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NEW CAMPAIGN LAUNCHED TO HELP
February 25, 2004
by Jamie Waterhouse
Action is to be taken to deal with more than 5,200 people addicted to prescription drugs in Oldham.
Oldham Primary Care Trust is set to become one of the first authorities in the country to offer a benzodiazepine withdrawal service.
Latest figures suggest that 1 in every 41 residents are on 'benzos', which include tranquillisers such as diazepam, temazepam and chlordiazepoxide.
Dependency among Oldhamers is slightly higher than the national average.
Now funding has been secured for the specialist service which will help people come off the drugs safely.
The scheme involves a new prescribing strategy and education programme for patients and GPs. It will look at recommended levels and how long patients should be on the tranquillisers. It will also invite patients to discuss withdrawal from the of the drugs.
Alan Higgins, Director of Public Health for Oldham, said: "The aim of providing a specialist withdrawal service like this is to give people the support they need to come off benzodiazepines."
"If people have been using these drugs for some time it may not always be easy, or indeed desirable, for them to simply stop out right. The new service will be able to support them through a controlled and managed withdrawal."
"We hope that this service, coupled with new measures we're taking to work with GPs to look at the prescribing of these drugs, should make huge inroads in Oldham into tackling what is a national problem."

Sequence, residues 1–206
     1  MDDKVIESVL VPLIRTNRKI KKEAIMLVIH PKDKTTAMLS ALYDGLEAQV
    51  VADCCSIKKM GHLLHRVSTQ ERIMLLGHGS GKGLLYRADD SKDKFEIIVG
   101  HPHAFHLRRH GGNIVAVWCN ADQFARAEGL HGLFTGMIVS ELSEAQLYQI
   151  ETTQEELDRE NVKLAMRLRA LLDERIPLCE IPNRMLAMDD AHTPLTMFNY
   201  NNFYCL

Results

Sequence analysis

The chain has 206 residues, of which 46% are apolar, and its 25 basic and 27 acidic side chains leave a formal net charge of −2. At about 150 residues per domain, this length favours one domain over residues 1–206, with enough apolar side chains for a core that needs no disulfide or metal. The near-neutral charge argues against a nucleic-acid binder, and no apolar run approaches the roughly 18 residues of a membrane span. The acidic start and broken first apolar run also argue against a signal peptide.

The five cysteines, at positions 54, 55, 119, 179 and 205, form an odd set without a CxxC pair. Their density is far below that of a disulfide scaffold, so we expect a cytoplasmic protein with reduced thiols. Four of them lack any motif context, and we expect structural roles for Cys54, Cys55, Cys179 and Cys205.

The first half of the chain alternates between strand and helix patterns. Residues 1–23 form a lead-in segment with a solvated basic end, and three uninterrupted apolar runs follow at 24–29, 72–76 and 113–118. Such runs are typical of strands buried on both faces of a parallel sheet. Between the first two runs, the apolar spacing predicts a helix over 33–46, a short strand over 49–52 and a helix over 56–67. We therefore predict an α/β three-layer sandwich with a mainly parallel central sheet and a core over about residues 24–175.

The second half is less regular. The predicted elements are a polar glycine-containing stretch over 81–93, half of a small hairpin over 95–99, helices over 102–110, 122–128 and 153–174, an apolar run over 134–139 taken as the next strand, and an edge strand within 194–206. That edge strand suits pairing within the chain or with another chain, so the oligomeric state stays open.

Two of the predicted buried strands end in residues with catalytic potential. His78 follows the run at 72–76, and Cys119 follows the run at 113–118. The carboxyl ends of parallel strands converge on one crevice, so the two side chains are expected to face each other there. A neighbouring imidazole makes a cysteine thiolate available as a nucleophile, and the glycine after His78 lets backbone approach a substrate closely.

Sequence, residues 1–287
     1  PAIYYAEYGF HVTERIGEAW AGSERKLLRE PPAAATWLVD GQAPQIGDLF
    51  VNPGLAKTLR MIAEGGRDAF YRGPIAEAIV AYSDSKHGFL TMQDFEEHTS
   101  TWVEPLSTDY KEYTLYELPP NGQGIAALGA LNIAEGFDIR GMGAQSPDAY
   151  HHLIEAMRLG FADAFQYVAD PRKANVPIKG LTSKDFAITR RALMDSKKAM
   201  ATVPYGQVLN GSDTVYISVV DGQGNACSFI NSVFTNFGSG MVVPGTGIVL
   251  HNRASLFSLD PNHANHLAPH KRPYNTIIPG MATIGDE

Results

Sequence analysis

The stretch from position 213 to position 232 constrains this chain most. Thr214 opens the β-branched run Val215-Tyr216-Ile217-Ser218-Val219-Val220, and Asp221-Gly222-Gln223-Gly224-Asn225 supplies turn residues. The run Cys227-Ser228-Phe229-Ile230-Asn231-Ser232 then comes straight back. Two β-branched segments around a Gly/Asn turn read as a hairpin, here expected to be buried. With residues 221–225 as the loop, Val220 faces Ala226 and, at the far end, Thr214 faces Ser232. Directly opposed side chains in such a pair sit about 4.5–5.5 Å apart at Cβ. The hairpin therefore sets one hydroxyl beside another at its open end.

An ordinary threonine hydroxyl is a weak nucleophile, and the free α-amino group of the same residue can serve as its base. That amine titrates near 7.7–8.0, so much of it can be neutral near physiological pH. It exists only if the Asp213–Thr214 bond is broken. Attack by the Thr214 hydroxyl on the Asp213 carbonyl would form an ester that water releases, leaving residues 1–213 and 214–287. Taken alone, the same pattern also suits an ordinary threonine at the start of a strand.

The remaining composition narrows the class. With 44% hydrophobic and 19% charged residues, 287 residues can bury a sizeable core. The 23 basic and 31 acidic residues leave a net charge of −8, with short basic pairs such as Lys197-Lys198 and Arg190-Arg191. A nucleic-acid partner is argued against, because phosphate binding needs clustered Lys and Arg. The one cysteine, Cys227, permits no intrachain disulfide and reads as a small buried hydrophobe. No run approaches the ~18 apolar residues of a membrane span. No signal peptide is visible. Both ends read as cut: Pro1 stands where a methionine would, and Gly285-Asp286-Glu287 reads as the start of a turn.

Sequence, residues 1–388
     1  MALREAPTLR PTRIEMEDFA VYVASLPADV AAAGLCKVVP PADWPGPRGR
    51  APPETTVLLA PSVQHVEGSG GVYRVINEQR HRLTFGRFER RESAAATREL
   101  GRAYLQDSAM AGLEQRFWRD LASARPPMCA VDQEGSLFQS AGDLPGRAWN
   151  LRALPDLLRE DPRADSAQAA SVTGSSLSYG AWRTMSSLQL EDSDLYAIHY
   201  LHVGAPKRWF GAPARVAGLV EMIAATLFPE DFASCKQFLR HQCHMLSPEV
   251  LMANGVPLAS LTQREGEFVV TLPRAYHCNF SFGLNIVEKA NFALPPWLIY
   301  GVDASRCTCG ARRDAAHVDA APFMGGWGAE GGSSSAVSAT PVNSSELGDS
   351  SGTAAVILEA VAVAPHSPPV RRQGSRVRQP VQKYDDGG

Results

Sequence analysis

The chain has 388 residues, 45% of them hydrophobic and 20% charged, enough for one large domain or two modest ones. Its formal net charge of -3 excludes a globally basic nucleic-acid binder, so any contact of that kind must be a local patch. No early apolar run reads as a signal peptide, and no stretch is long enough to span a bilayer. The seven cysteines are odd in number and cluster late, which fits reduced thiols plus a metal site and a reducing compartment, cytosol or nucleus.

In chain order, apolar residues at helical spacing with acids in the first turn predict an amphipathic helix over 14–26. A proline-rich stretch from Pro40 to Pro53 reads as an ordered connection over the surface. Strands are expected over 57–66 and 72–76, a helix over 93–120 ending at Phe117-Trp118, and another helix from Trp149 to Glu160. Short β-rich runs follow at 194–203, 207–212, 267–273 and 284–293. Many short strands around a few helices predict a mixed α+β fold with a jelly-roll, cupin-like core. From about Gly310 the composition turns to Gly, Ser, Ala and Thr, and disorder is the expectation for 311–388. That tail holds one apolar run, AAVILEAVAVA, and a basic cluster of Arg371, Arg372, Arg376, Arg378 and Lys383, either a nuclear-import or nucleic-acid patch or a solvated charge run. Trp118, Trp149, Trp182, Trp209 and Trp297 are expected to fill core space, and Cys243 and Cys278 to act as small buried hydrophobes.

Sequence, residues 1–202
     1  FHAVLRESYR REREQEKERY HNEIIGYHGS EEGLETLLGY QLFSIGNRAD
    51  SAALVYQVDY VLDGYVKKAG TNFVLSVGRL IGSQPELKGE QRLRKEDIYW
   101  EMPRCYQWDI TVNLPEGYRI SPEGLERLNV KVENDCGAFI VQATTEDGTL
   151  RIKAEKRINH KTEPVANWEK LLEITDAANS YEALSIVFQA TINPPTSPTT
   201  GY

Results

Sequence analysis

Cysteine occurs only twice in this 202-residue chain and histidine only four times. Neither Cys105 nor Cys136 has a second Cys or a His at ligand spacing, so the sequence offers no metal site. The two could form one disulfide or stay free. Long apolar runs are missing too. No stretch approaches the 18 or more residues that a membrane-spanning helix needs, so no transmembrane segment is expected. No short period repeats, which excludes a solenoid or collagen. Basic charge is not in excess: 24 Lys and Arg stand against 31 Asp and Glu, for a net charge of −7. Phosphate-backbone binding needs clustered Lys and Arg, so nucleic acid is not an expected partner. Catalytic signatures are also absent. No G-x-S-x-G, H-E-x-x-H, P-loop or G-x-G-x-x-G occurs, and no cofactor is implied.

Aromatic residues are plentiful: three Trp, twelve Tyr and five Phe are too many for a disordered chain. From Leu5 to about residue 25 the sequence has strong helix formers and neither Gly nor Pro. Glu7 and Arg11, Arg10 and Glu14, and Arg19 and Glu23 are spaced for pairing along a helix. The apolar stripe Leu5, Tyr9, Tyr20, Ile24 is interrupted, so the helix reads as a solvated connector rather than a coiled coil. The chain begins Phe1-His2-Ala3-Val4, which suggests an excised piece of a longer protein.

The new service has been welcomed by Barry Haslam, of School Street, Uppermill, founder of the Beat the Benzos campaign, and a member of the Primary Care Trust's selection board for the service.
A trained accountant, Barry spent 10 years on various benzos.
He said: "I lost 10 years of my life because of being prescribed these drugs and am still suffering from their effects. I cannot remember my children growing up and I am determined that other people should not suffer in this way."
Barry recently visited Brussels with North West Euro MP Chris Davies and presented EU Health Commissioner David Byrne with a dossier that outlines his organisation's aim to see benzos reclassified from Class C to Class A, which would put them on a par with heroin. He is hopeful that the lead on this may come from the European Parliament.
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